Nationwide Hotline For Veterans and Civilians
On October 18, 2020, when President Trump signed into law Senate bill 798 from U.S. Senators Jerry Moran (R-Kan.) and Jon Tester (D-Mont.)—Chairman and Ranking Member of the Senate Veterans’ Affairs Committee— a new suicide prevention national hotline of 988 also kicked off.
Called both a landmark and a groundbreaking law that goes by the long name of The Commander John Scott Hannon Veterans Mental Health Care Improvement Act, expect many new and different Veterans PTSD and Veteran suicide prevention services around the country. What makes the new law groundbreaking is that the VA is for the first time, accepting that Veteran charities and others can help, and that there are provisions to hold the VA accountable for it’s own. Credit to the VA leadership for stepping up and for the Congress that helped forge this bi-partisan bill.
John “Scott” Hannon along with Ruby
Admittedly, the 988 number is not the headline here. The Commander John Scott Hannon Veterans Mental Health Care Improvement Act will improve outreach to veterans and their mental health care options in six major ways:
· Bolstering VA’s mental health workforce to serve more veterans by offering scholarships to mental health professionals to work at Vet Centers and placing at least one Suicide Prevention Coordinator in every VA hospital.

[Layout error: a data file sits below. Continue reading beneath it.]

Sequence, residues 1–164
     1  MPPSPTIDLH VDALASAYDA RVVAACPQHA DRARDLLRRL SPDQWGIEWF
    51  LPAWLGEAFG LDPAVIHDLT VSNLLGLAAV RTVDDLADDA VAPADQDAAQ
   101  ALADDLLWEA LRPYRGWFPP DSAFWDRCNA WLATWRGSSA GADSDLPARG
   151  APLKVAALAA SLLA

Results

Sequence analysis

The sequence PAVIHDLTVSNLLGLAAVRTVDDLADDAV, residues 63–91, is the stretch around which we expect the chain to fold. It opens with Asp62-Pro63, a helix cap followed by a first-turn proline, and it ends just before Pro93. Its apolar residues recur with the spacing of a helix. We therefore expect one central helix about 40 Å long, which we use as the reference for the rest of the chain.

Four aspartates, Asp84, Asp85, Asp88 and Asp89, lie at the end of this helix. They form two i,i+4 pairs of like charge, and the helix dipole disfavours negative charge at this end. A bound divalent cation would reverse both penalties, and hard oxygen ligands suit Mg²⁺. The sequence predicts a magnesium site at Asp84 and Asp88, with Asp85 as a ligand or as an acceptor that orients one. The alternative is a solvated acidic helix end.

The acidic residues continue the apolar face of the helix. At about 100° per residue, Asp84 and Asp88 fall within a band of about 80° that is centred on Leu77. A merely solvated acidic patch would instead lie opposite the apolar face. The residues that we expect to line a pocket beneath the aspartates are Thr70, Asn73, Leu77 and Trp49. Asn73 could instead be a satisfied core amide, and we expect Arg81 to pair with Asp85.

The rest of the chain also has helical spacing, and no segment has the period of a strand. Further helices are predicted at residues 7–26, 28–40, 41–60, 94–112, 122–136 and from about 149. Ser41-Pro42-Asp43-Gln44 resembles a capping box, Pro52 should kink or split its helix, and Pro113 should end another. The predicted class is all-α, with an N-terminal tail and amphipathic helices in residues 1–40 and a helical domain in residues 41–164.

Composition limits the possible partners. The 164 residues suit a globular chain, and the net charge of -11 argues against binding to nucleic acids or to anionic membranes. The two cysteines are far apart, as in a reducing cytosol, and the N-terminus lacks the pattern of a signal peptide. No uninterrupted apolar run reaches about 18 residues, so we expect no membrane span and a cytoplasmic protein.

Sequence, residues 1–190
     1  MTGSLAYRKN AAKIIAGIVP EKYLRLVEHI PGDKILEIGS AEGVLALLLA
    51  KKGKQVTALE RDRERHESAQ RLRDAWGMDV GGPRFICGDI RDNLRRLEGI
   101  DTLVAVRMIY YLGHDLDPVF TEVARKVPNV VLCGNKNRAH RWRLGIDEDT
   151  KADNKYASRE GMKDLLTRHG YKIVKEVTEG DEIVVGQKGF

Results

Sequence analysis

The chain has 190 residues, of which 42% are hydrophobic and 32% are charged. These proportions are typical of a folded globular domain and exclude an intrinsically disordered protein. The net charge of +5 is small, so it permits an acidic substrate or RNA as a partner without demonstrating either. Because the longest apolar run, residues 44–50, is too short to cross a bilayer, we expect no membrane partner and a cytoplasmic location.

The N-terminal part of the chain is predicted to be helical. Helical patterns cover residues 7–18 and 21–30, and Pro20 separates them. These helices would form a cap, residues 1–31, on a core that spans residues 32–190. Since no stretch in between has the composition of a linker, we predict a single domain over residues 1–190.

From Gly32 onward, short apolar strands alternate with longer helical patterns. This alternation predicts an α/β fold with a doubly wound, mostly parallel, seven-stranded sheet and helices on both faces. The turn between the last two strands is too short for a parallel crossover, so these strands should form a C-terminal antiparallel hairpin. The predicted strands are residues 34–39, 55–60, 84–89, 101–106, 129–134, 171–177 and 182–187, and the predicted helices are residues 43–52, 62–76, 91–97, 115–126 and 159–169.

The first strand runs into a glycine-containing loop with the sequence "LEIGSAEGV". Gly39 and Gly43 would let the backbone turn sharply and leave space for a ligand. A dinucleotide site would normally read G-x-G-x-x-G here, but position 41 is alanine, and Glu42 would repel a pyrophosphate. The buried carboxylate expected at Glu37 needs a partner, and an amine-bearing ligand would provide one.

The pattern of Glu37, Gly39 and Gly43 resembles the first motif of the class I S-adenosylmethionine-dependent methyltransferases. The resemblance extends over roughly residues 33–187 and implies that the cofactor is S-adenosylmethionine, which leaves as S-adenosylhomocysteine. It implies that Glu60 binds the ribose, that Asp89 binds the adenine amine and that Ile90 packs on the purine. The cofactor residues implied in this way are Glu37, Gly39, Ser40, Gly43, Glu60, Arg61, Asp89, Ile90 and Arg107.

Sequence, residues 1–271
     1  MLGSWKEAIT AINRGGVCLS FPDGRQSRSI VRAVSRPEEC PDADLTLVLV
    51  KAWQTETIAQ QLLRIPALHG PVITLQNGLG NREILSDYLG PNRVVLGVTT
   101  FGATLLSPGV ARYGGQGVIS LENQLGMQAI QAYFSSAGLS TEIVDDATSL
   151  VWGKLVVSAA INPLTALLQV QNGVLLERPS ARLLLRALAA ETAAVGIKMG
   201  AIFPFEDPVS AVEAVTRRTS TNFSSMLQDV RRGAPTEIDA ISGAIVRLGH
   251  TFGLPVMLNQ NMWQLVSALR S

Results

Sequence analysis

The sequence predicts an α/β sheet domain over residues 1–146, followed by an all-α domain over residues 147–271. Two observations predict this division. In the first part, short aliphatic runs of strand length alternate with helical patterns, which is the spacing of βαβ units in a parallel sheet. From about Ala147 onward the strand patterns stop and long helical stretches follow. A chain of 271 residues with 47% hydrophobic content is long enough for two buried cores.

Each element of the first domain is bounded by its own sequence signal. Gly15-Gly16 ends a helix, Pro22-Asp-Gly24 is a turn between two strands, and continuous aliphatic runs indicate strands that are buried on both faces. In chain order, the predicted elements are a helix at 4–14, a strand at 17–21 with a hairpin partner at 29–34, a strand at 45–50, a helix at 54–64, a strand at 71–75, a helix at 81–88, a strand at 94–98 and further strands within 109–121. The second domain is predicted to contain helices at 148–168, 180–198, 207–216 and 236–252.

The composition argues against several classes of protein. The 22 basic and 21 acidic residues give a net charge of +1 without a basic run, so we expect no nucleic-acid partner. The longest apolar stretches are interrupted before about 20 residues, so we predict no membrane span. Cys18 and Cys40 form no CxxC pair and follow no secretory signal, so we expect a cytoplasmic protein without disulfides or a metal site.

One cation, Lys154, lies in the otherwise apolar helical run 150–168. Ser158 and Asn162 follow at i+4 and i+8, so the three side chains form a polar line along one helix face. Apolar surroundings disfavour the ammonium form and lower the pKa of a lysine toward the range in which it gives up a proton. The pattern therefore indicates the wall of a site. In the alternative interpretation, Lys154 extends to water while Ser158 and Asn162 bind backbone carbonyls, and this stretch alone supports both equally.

· Improving rural veterans’ access to mental health care by increasing the number of locations at which veterans can access VA telehealth services.
· Implementing a pilot program to provide veterans access to complementary and integrative health programs through animal therapy, agritherapy, sports and recreation therapy, art therapy and post-traumatic growth.
· Establishing a grant program that requires VA to better collaborate with community organizations across the country already serving veterans. This collaboration will result in earlier identification of veterans who are at risk of suicide and will provide the ability to intervene with preventative services.
· Studying the impact of living at high altitude on veterans’ suicide risk and diagnostic biomarker research to identify depression, post-traumatic stress disorder, anxiety, and other conditions.
· Holding the VA accountable for its mental health care and suicide prevention efforts by examining how the Department manages its suicide prevention resources.
ABOUT ONCE A SOLDIER
Our Veterans are killing themselves in record numbers mostly due to PTSD. An overmatched VA can’t take care of them or their families. We will.
Soldier suicide leaves Veteran families with thousands of dollars of bills unpaid, mostly bank loans.
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